Investors that have a once bitten twice shy view of emerging markets exchange traded funds still have reasons to consider developing economies.
Recent strength in the emerging markets complex confirms as much. Over the past 90 days, the Vanguard FTSE Emerging Markets ETF (NYSEArca: VWO) and the iShares MSCI Emerging Markets ETF (NYSEArca: EEM), the two largest emerging markets ETFs by assets, are each up more than 9% while the S&P 500 is higher by 3.9% and the iShares MSCI EAFE ETF (NYSEArca: EFA) is up 2.3%. [Cash Returns to Emerging Markets ETFs]
“According to the International Monetary Fund’s April 2014 forecasts, the non-developed market growth slowed in 2013. However we think investors should still be pleased with the expected above-average 7.5% growth for China, 6.5% for the Philippines, 6.4% for India, and 5.2% for Malaysia. Even the 3.7% for South Korea and 3.1% for Poland and Taiwan look favorable relative to the 2.8% for the United States and 1.2% for the advanced Euro area,” said S&P Capital IQ in a new research note.
Compelling valuations have played a pivotal role in luring investors back to EEM, VWO and other emerging markets ETFs. EEM has pulled in $4.77 billion in new assets this quarter, making it the second-best ETF of any type in terms of second-quarter inflows. VWO has added $805 million in the current quarter.
Those inflows are even more impressive when considering some major pension funds significantly reduced their exposure to EEM and VWO during the first quarter. S&P Capital IQ rates VWO overweight and EEM marketweight. [Another Pension Fund Slashes EM ETF Exposure]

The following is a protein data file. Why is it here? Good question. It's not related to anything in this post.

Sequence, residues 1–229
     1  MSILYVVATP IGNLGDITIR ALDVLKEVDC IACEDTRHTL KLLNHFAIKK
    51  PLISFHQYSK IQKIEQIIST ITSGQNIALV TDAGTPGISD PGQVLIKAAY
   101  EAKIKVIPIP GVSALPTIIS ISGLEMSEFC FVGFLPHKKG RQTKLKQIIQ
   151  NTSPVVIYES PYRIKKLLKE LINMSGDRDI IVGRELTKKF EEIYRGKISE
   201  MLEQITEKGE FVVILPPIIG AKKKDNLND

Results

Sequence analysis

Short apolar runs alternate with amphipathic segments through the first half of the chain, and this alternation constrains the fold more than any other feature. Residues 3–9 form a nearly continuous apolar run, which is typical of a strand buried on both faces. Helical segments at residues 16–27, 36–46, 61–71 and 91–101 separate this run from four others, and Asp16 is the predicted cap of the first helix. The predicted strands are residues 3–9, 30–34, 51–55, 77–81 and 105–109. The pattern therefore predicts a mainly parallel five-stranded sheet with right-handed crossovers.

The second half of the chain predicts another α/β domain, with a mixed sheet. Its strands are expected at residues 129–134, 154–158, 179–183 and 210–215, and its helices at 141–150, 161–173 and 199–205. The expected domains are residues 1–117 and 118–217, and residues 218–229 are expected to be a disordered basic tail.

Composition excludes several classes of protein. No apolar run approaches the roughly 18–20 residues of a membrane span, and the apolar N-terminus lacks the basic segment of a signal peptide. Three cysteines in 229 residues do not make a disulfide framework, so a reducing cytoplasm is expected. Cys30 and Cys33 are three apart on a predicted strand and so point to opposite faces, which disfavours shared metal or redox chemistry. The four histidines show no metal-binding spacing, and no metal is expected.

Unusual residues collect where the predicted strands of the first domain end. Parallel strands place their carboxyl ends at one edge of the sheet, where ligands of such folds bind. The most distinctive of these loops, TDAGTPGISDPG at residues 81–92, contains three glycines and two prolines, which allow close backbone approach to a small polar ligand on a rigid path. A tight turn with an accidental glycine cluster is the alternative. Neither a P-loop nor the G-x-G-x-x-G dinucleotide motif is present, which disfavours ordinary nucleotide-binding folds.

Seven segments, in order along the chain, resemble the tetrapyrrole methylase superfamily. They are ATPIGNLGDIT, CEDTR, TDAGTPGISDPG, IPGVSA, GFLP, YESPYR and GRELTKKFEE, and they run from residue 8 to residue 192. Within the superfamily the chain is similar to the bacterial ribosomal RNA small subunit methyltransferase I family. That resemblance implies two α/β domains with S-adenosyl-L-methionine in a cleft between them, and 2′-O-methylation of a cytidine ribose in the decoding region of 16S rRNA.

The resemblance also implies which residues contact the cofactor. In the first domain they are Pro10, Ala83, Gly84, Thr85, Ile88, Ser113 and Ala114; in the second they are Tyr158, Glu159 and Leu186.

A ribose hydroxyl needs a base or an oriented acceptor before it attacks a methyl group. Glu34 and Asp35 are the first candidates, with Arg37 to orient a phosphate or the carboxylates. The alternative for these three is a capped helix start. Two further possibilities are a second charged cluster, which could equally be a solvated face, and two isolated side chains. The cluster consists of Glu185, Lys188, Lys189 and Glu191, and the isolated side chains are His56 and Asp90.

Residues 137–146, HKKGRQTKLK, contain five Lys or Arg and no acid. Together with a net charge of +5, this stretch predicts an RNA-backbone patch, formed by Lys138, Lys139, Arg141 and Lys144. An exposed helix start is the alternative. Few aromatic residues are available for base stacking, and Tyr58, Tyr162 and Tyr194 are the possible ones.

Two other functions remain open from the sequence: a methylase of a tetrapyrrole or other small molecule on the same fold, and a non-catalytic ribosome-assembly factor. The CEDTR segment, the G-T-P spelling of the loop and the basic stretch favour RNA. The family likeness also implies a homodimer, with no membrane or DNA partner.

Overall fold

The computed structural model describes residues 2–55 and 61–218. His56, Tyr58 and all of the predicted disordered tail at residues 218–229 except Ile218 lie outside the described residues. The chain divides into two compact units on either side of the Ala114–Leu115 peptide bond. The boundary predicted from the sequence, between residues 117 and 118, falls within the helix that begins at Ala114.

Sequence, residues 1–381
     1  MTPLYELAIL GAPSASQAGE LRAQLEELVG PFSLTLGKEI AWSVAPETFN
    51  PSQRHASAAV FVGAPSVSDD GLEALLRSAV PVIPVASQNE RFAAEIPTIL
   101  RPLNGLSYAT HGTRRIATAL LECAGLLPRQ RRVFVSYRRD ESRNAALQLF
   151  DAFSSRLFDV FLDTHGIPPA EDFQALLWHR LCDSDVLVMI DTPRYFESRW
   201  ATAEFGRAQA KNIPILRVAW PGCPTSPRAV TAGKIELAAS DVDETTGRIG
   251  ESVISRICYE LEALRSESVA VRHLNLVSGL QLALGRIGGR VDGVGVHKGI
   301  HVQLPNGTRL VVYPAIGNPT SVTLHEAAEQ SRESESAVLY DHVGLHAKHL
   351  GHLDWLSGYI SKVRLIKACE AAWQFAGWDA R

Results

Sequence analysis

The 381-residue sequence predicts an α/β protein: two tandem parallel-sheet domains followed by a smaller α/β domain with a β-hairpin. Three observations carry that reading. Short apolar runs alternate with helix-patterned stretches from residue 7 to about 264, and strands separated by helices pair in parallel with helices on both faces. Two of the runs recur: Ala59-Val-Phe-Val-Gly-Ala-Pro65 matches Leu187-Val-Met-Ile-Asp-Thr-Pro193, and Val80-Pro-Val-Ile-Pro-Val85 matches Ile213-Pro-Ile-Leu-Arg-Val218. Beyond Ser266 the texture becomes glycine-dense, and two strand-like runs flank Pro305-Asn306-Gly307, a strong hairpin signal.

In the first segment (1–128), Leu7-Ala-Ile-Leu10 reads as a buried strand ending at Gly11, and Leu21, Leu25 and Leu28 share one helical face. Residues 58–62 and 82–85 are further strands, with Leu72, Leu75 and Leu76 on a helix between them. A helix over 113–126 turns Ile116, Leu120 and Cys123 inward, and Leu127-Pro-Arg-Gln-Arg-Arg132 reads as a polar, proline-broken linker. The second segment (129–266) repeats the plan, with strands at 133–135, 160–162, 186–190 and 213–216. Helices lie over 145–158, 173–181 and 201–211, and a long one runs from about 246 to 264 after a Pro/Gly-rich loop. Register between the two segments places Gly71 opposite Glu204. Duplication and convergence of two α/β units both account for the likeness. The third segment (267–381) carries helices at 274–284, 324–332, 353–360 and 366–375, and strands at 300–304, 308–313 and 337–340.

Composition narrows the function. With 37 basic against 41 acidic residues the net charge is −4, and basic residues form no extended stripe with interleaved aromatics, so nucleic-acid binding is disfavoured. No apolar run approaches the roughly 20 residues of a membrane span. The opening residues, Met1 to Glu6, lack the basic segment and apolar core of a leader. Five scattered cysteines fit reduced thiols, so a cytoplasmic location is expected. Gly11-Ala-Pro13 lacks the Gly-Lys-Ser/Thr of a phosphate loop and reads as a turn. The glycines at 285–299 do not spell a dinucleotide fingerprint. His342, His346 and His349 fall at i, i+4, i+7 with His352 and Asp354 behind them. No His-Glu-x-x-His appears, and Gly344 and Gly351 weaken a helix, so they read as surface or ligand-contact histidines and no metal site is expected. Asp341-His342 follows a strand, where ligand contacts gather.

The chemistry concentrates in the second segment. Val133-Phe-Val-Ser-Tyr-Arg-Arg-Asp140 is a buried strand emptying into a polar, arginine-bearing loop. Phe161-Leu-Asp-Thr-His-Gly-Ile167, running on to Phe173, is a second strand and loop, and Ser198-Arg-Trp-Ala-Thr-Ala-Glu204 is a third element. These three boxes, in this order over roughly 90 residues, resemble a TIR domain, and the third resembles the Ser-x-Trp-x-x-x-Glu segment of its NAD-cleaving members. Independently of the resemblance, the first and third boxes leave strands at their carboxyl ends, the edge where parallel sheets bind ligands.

“Further from a valuation perspective, according to Bloomberg data, the Emerging Markets Index was valued at a P/E of 11 times 2014 consensus estimates, a 33% discount to the EAFE Index’s 16. Looking back on a monthly basis since 1995, the Emerging Markets Index historically traded at a 32% discount to the more developed international market,” according to the research firm.
Skittish investors that have opted for a low volatility approach to emerging markets ETFs have also been rewarded. For example, the iShares MSCI Emerging Markets Minimum Volatility ETF (NYSEArca: EEMV) and the PowerShares S&P Emerging Markets Low Volatility Portfolio (NYSEArca: EELV) are each about 8% over the past three months.
EEMV, rated marketweight by S&P Capital IQ, is conservatively postured at the country level. China is the ETF’s largest country allocation at 19%, but Taiwan and South Korea, two of the lowest beta emerging markets, combine for over 28% of the ETF’s weight. [Time for a Taiwan ETF]